National charities reject call for UK Bill of Rights.
The Equality and Diversity Forum (EDF) welcomes the publication of today’s report, The Choice Before Us, by the Commission on a Bill of Rights. However, the network of national charities fundamentally disagrees with the majority of the Commission about the merits of a UK Bill of Rights. Responding to the Commission’s report, Amanda Ariss, Chief Executive, said:
“Our network of national charities works with tens of millions of ordinary people up and down the country. We see first-hand how people’s rights are affected, for better or worse, by our human rights laws. Our experience shows that the Human Rights Act already does a good job of protecting people and helps hold to account those responsible for abusing people’s rights – something that is still far too common in the UK today.
“Sadly, we still see too many abuses of people’s rights - older people suffering physical abuse and degrading treatment at the hands of their care providers, thousands of people trafficked illegally into the country each year, tens of thousands of girls at risk of female genital mutilation and more.
“There is no room for complacency when it comes to protecting our human rights. EDF believes that any new UK Bill of Rights would risk confusing and diluting our human rights laws, taking us backwards instead of forwards.”
Commenting on the Commission’s conclusion that a new UK Bill of Rights could create a “fresh beginning” in the public debate on human rights, Ms Ariss said:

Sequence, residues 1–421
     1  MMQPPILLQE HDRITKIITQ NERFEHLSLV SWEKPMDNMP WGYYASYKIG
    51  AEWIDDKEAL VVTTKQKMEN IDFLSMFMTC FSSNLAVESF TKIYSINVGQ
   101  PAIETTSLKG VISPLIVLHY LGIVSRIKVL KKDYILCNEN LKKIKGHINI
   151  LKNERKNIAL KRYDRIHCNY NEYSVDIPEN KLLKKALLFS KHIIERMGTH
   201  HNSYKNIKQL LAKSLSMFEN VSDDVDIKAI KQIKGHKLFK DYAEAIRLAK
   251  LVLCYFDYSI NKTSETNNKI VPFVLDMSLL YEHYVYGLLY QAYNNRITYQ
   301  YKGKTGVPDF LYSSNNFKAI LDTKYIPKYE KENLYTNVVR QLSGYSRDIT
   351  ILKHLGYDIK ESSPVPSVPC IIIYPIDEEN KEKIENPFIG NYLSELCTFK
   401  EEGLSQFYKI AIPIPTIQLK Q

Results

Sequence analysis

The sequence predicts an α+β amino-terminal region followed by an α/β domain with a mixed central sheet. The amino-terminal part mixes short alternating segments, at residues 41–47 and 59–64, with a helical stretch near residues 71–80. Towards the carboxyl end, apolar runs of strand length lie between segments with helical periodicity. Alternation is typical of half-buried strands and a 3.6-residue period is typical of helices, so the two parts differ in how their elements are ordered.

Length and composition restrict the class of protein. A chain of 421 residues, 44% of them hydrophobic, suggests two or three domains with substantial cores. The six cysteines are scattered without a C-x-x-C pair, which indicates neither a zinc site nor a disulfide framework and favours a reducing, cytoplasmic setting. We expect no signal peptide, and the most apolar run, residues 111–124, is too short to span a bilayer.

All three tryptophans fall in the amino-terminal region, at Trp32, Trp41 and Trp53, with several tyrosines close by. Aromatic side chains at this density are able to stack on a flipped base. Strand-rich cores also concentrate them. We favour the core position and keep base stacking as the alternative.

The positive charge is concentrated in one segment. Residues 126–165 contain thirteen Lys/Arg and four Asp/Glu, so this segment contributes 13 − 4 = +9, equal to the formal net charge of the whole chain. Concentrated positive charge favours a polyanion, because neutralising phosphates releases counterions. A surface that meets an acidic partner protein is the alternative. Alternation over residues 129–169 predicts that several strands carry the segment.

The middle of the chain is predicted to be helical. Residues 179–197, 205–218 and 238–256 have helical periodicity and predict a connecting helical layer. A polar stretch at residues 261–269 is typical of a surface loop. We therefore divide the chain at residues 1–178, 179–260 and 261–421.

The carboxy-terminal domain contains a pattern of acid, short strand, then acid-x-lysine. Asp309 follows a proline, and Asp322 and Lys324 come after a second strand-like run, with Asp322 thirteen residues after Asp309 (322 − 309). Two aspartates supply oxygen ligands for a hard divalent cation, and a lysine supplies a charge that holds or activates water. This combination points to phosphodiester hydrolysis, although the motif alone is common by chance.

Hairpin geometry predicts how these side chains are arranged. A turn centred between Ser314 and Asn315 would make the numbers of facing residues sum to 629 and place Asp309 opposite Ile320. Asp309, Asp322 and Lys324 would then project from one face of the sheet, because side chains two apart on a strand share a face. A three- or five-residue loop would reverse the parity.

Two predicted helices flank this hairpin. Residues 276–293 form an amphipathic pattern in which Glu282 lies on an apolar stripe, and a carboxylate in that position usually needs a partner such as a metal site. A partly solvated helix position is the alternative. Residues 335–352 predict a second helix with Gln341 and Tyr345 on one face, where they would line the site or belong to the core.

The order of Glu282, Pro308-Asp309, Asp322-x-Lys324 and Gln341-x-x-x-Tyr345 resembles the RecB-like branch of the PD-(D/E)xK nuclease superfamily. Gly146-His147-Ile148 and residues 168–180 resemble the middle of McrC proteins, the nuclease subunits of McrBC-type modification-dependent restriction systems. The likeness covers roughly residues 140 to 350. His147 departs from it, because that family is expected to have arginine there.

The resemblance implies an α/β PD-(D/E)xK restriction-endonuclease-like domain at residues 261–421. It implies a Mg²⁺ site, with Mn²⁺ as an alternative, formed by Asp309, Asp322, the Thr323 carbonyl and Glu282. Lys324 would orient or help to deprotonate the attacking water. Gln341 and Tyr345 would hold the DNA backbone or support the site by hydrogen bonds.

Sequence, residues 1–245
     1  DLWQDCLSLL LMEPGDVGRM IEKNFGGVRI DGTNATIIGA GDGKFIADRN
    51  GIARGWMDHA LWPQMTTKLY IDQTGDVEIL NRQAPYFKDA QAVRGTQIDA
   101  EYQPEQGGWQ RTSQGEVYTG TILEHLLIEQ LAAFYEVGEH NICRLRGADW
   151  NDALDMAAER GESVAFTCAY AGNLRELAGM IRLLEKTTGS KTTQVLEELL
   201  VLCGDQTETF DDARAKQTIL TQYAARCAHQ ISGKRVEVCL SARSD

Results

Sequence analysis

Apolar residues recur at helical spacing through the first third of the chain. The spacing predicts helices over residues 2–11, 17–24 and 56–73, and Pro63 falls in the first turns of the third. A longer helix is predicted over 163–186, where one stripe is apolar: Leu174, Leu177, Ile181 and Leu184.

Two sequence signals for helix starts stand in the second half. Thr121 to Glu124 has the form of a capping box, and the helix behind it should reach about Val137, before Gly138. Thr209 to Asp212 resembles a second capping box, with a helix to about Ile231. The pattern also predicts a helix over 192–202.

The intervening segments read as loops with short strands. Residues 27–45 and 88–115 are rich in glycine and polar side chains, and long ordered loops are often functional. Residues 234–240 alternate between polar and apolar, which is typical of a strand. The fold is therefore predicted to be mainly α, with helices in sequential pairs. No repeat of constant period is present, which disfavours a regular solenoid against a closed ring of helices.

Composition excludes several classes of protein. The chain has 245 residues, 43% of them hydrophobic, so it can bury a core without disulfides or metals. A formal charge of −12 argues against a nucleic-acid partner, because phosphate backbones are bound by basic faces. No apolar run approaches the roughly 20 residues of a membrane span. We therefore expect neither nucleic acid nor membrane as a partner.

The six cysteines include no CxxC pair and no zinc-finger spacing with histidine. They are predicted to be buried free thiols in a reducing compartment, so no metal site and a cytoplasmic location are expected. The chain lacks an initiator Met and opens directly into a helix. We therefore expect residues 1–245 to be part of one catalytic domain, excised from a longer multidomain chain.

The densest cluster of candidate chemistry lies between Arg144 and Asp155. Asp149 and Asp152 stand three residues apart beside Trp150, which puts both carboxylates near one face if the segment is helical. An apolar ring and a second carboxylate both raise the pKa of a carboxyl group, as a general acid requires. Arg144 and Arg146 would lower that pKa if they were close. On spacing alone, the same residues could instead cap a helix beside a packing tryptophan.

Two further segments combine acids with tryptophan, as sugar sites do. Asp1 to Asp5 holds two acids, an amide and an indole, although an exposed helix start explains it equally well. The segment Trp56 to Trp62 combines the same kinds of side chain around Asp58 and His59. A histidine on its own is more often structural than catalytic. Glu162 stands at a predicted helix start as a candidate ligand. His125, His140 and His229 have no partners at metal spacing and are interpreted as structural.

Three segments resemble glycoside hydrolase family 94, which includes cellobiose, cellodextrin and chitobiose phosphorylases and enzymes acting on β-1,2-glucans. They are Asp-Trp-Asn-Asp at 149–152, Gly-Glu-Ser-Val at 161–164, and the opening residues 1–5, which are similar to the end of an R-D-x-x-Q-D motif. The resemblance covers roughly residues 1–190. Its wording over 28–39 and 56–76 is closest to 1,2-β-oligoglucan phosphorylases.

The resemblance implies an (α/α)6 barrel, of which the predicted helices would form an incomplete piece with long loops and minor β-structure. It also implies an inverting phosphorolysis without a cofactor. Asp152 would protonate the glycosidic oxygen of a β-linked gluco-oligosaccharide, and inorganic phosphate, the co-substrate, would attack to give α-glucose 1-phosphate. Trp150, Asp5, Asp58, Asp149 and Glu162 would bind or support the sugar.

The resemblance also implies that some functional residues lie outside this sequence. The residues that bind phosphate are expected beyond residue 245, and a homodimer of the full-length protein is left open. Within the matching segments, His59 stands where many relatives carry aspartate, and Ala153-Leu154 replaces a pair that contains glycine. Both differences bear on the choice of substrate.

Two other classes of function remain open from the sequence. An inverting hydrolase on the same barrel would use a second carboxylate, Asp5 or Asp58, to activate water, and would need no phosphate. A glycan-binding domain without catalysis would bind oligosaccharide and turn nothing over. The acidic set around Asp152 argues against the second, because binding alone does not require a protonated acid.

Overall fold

“The polarized nature of the current human rights debate is not a good reason for unpicking our human rights laws, particularly when public education could achieve better results. Research consistently shows that most people believe in having human rights laws but are hugely misinformed about how our current human rights laws work. We fail to see how repackaging the Human Rights Act as a UK Bill of Rights would tackle the misperceptions and misunderstandings that permeate current debates.”
Ms Ariss called for leadership from all political parties as they respond to the Commission’s report, stating:
“Debates on human rights must get back to the point. Human rights have always been about protecting ordinary people from the abuse of power in all its forms. As we all consider the future of our human rights laws, we must always return to this most crucial question – how can we best protect everyone’s rights, everywhere, every day?”
Notes to the editor:
Contact Amanda Ariss on 07806 353364 or Emma Hutton on 07549 181956
1. EDF is a network of national non-governmental organisations working to advance equality, human rights and social justice. Its members include large charities like NAT (National AIDS Trust), Age UK, Action on Hearing Loss, RNIB, Citizens Advice, Mind and Scope. Full membership is listed here.
2. EDF’s response to the Commission on a Bill of Rights is available here.